When you're starting out with your new veg garden and trying to decide what to grow first, the sheer variety of vegetables that opens up to you when you grow your own can be bewildering. You'll find so many different types in our garden centre, from artichokes to zucchini, not to mention the mouthwatering selection of varieties of each, that it's hard to know where to begin.
But there are some veg you shouldn't be without: the tried-and- tested, easy-to-grow kitchen essentials. Plant these first, and you won't go far wrong.
Grow your own spuds, and you'll transform your opinion of this 'humble' vegetable forever. Try deliciously-flavoured heritage varieties, or savour melt-in-the-mouth new potatoes within minutes of harvest. Recommended varieties: 'Duke of York', 'Mayan Gold', 'Sarpo Mira'
If your idea of a pea comes from the freezer, fresh peas are a revelation. Sow on windowsills for microgreens, enjoy young pods as mangetout, and sprinkle curly shoot tips in salads. Or just enjoy the mature peas. It's up to you. Recommended varieties: 'Douce de Provence', Mangetout 'Shiraz', 'Ambassador'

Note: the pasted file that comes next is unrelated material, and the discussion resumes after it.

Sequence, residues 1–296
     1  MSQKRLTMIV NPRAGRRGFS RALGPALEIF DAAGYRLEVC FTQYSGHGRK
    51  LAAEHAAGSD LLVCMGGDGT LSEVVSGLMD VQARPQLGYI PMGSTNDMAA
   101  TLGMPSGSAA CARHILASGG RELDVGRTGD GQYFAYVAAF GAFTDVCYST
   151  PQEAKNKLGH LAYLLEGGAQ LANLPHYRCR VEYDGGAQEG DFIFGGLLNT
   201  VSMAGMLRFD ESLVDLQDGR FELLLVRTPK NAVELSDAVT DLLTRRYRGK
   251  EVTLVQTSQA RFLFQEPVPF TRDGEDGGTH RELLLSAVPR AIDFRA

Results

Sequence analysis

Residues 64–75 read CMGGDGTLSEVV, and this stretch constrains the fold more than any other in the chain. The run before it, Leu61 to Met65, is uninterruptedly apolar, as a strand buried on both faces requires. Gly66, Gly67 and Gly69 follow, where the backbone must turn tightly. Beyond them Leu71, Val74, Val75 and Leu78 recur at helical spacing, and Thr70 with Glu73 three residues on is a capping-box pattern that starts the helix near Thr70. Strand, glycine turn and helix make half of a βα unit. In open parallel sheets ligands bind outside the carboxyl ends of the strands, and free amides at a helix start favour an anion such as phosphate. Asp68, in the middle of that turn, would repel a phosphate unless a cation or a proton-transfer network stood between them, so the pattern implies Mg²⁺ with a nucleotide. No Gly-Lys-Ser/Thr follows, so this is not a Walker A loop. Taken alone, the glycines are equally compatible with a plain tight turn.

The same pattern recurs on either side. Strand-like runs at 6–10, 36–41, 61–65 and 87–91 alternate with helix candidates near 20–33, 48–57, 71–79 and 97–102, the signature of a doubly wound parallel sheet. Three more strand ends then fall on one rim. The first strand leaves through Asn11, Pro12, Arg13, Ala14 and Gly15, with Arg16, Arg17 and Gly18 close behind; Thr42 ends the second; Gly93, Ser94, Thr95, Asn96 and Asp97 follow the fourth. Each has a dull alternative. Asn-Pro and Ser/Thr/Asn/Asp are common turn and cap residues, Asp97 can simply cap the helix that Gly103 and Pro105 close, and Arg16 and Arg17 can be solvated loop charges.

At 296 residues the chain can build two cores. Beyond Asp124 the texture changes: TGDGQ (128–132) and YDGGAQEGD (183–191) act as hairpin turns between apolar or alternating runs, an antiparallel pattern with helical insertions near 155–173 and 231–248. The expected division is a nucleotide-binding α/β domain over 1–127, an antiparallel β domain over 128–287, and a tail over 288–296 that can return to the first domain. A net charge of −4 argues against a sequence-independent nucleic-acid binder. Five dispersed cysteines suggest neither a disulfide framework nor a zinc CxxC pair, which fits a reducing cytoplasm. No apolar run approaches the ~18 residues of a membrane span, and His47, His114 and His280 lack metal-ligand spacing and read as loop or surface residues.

French climbing beans
The connoisseur's alternative to runner beans, tailor your French climbing beans according to taste. Choose from slender pencil beans, flat-podded types, purple or yellow varieties, or shelling beans for white haricots. Recommended varieties: 'Cobra', 'Blauhilde', 'Blue Lake'
Breaking a fat head of garlic into cloves to plant in chilly November starts your gardening year with a smile. As well as dried cloves, try green scapes (flower spikes) and mild-flavoured green garlic. Recommended varieties: 'Chesnok Red', 'Solent Wight', Elephant Garlic
Generous crops of leafy greens, with a side order of crisp midrib, chard is just like spinach but miles easier to grow. It comes in a rainbow of differently-coloured stems - sometimes on the same plant. Recommended varieties: Swiss chard, Ruby chard, Chard 'Bright Lights'